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Have you already given up on a new year’s resolution? Do you think you could handle an 8-week plan to rebuild your brain?
Mediation and mindfulness training has been proven again and again to not only make people feel better but more recently shown to make actual changes in your brain.
An eight-week mindfulness meditation program appears to make measurable changes in brain regions associated with memory, sense of self, empathy, and stress.
A study conducted by a Harvard affiliated team out of Massachusetts General Hospital (MGH) shows some tangible effects of meditation on human brain structure.
Using MRI scans, they found “massive changes” in brain gray matter. The participants didn’t just “feel better” but showed changes in brain structure that create the associated sustained boosts in positive and relaxed feelings. On of those changes is a thickening of the cerebral cortex. That is the area responsible for attention and emotional integration.
How long did they meditate? It’s not the 5 or 10 minute break you sometimes read about, but it’s also not hours or a weekend of meditation. An average of 27 minutes of a daily practice of mindfulness exercises stimulated a significant boost in gray matter density.
That density is focused on the hippocampus which is associated with self-awareness, compassion, and introspection. There was also decreased gray matter density in the amygdala. That might sound like a bad thing, unless you know that the amygdala is the area of the brain known to be instrumental in regulating anxiety and stress responses.
The control group of non-meditators did not have any changes occur in either region of the brain, so the simple passage of time was not a factor.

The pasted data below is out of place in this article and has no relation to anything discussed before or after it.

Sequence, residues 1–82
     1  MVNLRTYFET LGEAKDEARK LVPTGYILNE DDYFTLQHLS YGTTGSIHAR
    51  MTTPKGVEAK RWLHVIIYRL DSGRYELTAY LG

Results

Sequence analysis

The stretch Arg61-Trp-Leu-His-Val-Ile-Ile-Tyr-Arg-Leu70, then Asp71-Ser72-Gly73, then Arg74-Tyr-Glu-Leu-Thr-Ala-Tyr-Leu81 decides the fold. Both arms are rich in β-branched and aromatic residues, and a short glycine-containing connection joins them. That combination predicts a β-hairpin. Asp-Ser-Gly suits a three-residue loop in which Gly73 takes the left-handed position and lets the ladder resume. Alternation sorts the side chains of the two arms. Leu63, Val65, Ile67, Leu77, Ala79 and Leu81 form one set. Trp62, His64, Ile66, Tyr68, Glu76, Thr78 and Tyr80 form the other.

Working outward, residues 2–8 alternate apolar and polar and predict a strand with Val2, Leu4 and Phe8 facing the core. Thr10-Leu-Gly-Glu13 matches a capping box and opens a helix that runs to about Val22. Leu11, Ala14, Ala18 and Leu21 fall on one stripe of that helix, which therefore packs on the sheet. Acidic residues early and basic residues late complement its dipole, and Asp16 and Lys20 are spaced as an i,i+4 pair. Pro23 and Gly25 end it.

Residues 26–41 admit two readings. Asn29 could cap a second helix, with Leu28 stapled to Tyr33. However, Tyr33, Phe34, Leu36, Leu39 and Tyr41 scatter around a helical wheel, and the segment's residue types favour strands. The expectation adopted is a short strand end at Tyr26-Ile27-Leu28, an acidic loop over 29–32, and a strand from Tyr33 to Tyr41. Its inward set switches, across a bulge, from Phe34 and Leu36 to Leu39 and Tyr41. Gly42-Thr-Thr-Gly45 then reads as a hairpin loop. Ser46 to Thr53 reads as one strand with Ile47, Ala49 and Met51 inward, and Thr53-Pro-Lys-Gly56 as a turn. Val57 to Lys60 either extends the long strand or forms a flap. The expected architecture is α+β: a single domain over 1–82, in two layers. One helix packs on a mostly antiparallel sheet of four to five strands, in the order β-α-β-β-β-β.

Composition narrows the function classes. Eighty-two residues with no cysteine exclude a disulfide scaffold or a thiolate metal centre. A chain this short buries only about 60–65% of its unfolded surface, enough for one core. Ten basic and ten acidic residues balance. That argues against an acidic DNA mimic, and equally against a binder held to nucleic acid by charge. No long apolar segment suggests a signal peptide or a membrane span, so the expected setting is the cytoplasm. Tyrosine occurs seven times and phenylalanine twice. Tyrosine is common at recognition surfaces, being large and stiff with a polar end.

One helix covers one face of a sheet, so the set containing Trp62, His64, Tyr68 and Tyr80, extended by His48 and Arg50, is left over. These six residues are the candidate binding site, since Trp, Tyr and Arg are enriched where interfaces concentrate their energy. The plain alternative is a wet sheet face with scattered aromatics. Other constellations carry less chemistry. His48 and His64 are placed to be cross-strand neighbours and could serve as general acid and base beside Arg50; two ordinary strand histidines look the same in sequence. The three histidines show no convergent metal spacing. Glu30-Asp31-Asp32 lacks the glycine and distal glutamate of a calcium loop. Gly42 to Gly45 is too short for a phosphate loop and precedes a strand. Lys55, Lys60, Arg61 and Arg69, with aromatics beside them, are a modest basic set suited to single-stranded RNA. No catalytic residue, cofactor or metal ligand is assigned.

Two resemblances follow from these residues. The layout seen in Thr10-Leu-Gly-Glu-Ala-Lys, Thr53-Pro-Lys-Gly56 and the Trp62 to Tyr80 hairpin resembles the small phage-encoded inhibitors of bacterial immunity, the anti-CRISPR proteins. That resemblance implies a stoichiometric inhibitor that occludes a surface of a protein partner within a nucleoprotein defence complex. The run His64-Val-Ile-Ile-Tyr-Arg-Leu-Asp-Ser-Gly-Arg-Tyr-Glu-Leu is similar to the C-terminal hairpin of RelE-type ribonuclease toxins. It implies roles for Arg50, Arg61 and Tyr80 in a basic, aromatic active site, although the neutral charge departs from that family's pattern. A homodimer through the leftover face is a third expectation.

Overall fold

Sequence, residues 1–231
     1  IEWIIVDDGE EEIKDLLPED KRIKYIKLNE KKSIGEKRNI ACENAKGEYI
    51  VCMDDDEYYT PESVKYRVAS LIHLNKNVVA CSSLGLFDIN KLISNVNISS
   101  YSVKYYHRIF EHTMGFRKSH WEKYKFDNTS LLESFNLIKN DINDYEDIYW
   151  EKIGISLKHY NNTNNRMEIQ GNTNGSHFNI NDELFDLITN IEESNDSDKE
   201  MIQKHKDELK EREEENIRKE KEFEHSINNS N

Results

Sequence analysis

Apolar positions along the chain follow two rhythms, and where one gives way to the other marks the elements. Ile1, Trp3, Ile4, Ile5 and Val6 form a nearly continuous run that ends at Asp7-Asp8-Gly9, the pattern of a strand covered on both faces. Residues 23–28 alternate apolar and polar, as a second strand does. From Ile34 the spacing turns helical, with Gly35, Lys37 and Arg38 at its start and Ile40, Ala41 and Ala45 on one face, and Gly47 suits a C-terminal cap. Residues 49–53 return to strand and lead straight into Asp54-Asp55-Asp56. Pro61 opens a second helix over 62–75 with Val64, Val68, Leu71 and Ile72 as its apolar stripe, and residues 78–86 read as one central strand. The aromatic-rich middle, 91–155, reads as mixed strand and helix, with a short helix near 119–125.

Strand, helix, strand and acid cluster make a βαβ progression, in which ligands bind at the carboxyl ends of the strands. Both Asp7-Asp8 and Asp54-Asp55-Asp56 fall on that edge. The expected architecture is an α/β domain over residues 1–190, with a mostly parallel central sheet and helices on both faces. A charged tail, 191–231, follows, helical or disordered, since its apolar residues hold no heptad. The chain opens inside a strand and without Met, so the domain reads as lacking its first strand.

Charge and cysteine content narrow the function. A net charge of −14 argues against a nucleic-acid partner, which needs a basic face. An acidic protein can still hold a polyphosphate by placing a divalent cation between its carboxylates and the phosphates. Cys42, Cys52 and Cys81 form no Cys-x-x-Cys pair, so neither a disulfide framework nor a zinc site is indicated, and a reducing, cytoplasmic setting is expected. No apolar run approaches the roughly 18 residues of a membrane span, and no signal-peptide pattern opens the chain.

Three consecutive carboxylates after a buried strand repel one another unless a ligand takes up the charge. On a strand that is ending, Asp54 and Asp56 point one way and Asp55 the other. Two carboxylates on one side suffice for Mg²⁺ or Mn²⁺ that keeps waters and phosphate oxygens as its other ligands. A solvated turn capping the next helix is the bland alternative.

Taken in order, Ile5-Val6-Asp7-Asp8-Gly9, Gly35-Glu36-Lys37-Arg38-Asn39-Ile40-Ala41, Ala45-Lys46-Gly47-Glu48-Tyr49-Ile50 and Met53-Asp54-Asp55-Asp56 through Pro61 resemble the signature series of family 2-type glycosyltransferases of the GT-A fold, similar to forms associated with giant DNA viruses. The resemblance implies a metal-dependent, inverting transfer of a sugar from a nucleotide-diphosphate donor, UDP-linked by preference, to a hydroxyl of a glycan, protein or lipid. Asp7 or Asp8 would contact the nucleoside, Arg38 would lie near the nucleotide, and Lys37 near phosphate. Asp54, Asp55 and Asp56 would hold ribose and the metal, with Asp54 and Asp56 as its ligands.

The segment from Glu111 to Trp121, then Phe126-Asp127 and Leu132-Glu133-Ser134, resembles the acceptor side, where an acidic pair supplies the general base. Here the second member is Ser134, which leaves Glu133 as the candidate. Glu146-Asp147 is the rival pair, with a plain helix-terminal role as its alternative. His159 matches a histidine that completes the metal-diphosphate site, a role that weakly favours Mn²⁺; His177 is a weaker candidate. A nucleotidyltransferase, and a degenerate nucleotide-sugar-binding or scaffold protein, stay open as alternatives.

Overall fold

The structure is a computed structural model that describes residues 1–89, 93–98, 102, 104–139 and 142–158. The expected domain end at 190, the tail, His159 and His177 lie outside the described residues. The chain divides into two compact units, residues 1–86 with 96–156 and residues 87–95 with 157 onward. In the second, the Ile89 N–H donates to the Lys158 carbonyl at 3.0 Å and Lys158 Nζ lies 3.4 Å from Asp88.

The one story that gets repeated over and over in the past 50 years is that there is far more brain plasticity – the changeable (or “plastic”) ability of the brain to change -into adulthood than was previously believed. You can teach old dogs new tricks.
“In Wildness is the preservation of the world.” – Henry David Thoreau
It felt a little odd to download Thoreau’s essay, Walking, to my tablet to read. I’m not sure how Henry David would feel about digital books. But I know he would still recognize walking all these years later.
It appeared in the June 1862 issue of the Atlantic Monthly. He must have liked it because between 1851 and 1860 Thoreau read the piece aloud ten times, more than any other of his lectures. “I regard this as a sort of introduction to all that I may write hereafter.”
On the essay’s first page, he writes:
I have met with but one or two persons in the course of my life who understood the art of Walking, that is, of taking walks, who had a genius, so to speak, for sauntering; which word is beautifully derived “from idle people who roved about the country, in the middle ages, and asked charity, under pretence of going à la sainte terre” — to the holy land, till the children exclaimed, “There goes a sainte-terrer”, a saunterer — a holy-lander. They who never go to the holy land in their walks, as they pretend, are indeed mere idlers and vagabonds, but they who do go there are saunterers in the good sense, such as I mean. Some, however, would derive the word from sans terre, without land or a home, which, therefore, in the good sense, will mean, having no particular home, but equally at home everywhere. For this is the secret of successful sauntering. He who sits still in a house all the time may be the greatest vagrant of all, but the Saunterer, in the good sense, is no more vagrant than the meandering river, which is all the while sedulously seeking the shortest course to the sea.
Thoreau mixed this essay in his lectures with another on wildness (not to be confused with wilderness) and says that private property is killing our capacity for wildness.
I love to walk. I try to walk outdoors every day. I try to walk, when I can, in whatever pieces of wilderness are nearby.